Chinese New Year Parade

The Chinese year 4712 begins on Jan. 31, 2014, thus ending the year of the Snake, and commemorating the beginning of the year of the Horse, which is my year.

During the celebration, people wear red clothes, decorate with poems on red paper, and give children “lucky money” in red envelopes. Red symbolizes fire, which according to legend can drive away bad luck. 

The lantern festival is held on the fifteenth day of the first lunar month. Some of the lanterns are plain works of art, painted with birds, animals, flowers, zodiac signs, and scenes from legend and history. People hang glowing lanterns in temples, and carry lanterns to an evening parade under the light of the full moon.

In many areas the highlight of the lantern festival is the dragon dance. The dragon—which might stretch a hundred feet long—is typically made of silk, paper, and bamboo.

ZkWwmMJlztMThis year the annual New Year parade will happen in Vancouver’s Chinatown, over this weekend.

The 2014 Vancouver’s Chinese New Year Parade starts at 11:00 am on Sunday, February 2nd, 2014, and takes two and a half hours to complete.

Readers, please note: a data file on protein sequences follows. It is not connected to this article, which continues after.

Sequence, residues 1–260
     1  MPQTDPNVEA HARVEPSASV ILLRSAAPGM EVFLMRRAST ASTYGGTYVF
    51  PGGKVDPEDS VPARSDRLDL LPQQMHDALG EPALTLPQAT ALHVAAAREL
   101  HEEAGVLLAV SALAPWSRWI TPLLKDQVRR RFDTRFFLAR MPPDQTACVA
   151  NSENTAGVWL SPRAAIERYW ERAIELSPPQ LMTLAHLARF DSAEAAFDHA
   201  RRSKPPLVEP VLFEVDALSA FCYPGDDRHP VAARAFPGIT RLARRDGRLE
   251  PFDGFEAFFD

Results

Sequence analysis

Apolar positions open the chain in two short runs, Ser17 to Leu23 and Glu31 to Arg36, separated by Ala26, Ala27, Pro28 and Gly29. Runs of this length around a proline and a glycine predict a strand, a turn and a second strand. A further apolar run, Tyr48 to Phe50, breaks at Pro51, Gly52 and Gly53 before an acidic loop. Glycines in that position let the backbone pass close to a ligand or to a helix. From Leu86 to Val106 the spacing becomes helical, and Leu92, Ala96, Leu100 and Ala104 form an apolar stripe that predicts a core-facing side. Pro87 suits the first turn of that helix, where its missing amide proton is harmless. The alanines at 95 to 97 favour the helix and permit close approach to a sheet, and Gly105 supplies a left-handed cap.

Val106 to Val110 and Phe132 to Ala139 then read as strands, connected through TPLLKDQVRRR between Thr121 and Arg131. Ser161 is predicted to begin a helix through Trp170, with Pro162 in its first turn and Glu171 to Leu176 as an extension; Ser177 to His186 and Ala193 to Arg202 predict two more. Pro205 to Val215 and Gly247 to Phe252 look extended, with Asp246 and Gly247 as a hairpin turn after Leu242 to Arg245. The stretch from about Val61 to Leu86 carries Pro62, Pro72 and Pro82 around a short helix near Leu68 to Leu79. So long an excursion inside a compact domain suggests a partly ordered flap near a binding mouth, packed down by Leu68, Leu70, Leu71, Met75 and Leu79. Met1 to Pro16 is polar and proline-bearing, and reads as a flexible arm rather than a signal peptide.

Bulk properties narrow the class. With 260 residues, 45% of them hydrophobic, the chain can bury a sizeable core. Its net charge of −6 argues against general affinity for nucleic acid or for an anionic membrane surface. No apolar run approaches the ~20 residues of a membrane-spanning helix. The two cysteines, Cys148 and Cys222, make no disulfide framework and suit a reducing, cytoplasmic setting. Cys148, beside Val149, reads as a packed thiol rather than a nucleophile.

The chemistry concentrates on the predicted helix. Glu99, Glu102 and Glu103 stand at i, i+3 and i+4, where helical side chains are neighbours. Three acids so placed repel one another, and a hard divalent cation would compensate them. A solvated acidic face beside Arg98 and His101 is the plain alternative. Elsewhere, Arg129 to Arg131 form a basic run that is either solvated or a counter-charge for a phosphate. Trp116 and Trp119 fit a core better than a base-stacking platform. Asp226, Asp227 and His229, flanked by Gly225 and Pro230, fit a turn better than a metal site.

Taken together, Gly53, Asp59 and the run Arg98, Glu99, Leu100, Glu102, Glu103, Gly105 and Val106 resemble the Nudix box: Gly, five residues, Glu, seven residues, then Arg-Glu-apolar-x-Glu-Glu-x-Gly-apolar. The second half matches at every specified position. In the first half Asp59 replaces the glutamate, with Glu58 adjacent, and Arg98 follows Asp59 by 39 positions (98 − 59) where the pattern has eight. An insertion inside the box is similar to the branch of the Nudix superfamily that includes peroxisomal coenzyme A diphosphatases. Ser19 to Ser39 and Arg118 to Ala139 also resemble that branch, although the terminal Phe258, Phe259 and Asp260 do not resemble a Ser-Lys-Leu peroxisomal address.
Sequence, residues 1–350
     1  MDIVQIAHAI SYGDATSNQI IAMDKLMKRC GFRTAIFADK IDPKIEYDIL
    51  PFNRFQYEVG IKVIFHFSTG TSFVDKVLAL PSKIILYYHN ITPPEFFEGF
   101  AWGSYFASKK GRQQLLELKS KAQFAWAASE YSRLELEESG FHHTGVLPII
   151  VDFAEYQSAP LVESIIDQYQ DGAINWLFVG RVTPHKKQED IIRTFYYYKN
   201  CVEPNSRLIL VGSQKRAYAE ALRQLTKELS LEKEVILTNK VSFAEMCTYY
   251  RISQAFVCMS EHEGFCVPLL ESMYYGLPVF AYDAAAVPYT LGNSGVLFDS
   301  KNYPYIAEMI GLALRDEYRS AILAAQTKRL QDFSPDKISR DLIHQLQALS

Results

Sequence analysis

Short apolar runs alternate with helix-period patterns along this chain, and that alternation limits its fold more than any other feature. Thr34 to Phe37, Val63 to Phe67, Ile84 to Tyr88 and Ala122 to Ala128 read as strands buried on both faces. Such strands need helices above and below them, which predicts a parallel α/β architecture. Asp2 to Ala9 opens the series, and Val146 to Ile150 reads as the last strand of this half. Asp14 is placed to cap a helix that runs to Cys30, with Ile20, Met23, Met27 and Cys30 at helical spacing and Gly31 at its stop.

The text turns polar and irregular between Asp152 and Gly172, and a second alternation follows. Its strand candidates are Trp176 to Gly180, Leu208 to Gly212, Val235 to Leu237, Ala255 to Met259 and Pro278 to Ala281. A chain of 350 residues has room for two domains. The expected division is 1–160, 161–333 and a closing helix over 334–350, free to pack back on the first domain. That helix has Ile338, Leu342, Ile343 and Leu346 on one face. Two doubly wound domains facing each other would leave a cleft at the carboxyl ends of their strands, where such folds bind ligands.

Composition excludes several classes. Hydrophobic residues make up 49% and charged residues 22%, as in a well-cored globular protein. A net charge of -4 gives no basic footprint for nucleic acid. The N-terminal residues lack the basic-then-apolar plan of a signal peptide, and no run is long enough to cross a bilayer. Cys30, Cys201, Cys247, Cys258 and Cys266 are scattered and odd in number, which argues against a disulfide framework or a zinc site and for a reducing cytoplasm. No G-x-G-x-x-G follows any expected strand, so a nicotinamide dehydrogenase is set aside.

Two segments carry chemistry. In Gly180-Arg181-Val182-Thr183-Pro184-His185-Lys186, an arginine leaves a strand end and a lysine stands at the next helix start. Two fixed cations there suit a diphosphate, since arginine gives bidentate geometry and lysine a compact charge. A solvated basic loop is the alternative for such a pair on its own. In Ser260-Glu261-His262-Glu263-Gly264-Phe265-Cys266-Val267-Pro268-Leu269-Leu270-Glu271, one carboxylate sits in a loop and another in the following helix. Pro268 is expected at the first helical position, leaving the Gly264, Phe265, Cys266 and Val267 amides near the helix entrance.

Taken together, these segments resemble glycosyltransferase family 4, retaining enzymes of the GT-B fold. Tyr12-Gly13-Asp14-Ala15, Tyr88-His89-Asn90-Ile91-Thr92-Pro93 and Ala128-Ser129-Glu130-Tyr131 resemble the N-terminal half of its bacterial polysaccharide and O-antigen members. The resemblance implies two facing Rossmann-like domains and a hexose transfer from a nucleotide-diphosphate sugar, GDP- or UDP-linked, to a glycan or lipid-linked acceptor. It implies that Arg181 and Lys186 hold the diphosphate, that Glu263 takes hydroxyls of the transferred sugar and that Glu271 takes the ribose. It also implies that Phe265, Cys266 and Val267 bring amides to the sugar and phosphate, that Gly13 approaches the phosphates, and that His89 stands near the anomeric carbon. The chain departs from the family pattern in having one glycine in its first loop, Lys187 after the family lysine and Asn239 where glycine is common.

The 1.5 km parade route winds through Vancouver’s historic Chinatown; starting at the Millennium Gate on Pender Street (between Shanghai Alley and Taylor Street), moving east along Pender Street, turning south onto Gore Street, then west onto Keefer Street, before ending at Keefer and Taylor (click on the map to expand).

‘The Wood Horse year is a year full of true spirit, grit, determination, vitality and endurance.’

If you get hungry in Chinatown, make sure to visit Phnom Penh at 244 E. Georgia or New Town Bakery at 148 W. Pender. Very cheap foods, and sooooo good!

#Chinatown parade#Chinese New Year#Simple Vancouver#simplevancouver#Vancouver

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